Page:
A cash-out refinance is a type of home loan where you borrow more than the amount owed on your current mortgage and receive the difference in cash. This type of refinancing can be an attractive option for homeowners who want to access their home equity to pay off debt, fund home improvements, or invest in other assets. However, one of the most common questions about cash-out refinancing is how much money you can actually get from this type of loan. In this article, we will explore the factors that determine the amount of cash you can receive from a cash-out refinance.
- Your Home’s Equity
The primary factor that determines how much money you can receive from a cash-out refinance is your home’s equity. Equity is the difference between the current market value of your home and the outstanding balance on your mortgage. The more equity you have in your home, the more cash you can receive from a cash-out refinance.
For example, if your home is currently worth $500,000 and you owe $300,000 on your mortgage, you have $200,000 in equity. If you are eligible for a cash-out refinance and want to borrow $50,000, you would receive a check for $50,000 minus any closing costs or fees associated with the loan.
- Loan-to-Value Ratio
The loan-to-value (LTV) ratio is the amount of your mortgage loan compared to the value of your home. Lenders use the LTV ratio to determine the amount of risk associated with a loan. The higher the LTV ratio, the more risk the lender takes on.
In general, lenders will allow you to borrow up to 80% to 85% of your home’s value through a cash-out refinance. This means that if your home is worth $500,000, you could potentially borrow up to $400,000, assuming you meet all other eligibility requirements.
- Credit Score and Debt-to-Income Ratio
Your credit score and debt-to-income (DTI) ratio are also important factors in determining how much money you can receive from a cash-out refinance. These factors are used by lenders to assess your ability to repay the loan.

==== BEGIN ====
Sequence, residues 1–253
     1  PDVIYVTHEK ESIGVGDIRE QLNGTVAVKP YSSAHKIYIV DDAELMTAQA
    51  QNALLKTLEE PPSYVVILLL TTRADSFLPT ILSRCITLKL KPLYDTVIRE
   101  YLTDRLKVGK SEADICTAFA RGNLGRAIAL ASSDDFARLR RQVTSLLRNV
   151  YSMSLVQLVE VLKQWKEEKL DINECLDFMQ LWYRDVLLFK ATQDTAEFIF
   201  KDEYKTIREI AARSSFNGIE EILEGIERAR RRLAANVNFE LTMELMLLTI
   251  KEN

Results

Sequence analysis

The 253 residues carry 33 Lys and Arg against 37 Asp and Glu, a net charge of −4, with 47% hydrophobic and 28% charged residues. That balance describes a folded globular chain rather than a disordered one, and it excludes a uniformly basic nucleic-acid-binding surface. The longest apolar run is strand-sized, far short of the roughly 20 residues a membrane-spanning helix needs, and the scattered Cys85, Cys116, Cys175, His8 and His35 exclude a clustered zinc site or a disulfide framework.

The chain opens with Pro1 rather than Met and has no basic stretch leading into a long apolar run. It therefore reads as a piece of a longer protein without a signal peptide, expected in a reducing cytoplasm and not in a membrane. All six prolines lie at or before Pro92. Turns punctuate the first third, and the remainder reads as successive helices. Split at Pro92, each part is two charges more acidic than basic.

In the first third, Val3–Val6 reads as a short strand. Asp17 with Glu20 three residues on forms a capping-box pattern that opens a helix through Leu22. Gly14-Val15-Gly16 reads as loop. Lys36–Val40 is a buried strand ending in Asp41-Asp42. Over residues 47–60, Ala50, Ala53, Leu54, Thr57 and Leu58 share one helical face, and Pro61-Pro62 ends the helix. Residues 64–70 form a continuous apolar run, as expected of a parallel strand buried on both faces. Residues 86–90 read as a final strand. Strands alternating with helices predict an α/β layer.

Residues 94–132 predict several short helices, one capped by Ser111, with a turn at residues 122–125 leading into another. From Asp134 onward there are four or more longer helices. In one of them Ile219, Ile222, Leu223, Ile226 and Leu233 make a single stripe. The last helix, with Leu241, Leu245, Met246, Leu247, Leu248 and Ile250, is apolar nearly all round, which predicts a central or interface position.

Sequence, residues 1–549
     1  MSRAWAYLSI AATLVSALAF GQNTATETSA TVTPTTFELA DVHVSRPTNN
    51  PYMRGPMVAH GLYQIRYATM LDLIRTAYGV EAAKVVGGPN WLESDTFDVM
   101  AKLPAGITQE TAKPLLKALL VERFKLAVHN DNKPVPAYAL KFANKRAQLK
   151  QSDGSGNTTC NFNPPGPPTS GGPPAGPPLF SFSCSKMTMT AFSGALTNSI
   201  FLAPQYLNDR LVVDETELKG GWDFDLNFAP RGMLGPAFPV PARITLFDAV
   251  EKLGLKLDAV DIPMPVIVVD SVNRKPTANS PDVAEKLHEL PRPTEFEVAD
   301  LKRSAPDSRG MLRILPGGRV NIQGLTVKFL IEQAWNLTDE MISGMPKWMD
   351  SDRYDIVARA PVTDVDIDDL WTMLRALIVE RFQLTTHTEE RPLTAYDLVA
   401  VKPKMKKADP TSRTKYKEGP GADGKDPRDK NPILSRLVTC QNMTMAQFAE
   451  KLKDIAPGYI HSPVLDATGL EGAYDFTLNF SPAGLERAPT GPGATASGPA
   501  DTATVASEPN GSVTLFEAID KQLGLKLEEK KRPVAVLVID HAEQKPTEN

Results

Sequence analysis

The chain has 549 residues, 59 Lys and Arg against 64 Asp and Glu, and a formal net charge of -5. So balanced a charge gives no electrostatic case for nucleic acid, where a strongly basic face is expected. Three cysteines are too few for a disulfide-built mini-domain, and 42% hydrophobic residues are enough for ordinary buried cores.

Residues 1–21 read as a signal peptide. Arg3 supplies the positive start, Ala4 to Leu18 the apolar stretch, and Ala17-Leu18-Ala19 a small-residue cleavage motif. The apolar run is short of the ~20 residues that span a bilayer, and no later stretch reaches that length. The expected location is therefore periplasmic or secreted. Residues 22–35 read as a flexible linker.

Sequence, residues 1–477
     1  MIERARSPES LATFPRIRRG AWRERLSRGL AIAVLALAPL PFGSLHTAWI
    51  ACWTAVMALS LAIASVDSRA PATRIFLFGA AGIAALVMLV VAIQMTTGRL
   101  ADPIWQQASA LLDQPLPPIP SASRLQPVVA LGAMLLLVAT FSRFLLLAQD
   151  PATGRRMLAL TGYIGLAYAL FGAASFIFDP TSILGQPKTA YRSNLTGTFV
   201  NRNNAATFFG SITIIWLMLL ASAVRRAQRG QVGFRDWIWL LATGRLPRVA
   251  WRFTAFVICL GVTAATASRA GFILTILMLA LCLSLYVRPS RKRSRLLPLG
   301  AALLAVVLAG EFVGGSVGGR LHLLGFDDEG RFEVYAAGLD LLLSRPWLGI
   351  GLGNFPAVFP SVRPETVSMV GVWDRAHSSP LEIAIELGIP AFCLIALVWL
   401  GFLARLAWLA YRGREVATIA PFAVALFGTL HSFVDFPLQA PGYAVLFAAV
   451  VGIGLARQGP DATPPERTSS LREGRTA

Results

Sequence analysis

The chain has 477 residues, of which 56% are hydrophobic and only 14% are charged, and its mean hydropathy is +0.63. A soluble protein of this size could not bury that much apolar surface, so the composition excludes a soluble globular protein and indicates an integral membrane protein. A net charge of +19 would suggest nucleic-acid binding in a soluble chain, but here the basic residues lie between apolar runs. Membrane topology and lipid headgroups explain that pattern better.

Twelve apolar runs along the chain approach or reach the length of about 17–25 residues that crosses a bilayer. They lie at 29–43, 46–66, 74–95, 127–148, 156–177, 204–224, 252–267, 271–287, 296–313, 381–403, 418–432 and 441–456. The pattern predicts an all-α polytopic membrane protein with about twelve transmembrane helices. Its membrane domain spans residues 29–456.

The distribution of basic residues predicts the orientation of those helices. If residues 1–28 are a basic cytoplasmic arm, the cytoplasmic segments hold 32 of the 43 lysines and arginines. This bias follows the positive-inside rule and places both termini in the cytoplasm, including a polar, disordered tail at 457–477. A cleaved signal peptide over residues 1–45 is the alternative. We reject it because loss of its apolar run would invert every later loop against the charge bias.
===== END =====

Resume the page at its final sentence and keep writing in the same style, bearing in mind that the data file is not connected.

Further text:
Lenders typically prefer borrowers with higher credit scores and lower DTI ratios. If you have a poor credit score or a high DTI ratio, you may still be able to qualify for a cash-out refinance, but you may receive a lower loan amount or higher interest rate.
- Appraisal Value
When you apply for a cash-out refinance, your lender will require an appraisal of your home to determine its current market value. The appraisal value can also impact the amount of cash you can receive from a cash-out refinance.
If the appraised value of your home is lower than you anticipated, you may not be able to borrow as much as you wanted. On the other hand, if the appraisal value is higher than you expected, you may be able to borrow more than you originally planned.
- Closing Costs and Fees
Finally, it is important to consider the closing costs and fees associated with a cash-out refinance. These costs can vary depending on your lender, your location, and other factors. Typical closing costs can include appraisal fees, title insurance, origination fees, and attorney fees.
Closing costs can be paid out of pocket or rolled into your loan amount. If you choose to roll the closing costs into your loan, it will increase the amount of cash you receive from the cash-out refinance, but it will also increase the overall amount of your loan and your monthly payments.
In conclusion, the amount of money you can receive from a cash-out refinance depends on several factors, including your home’s equity, the loan-to-value ratio, your credit score, and the DTI ratio. It is a good approach to check your Middle Credit Score before you refinance. This will also allow you to position yourself prior to applying and completing the Cash-out Refinance process.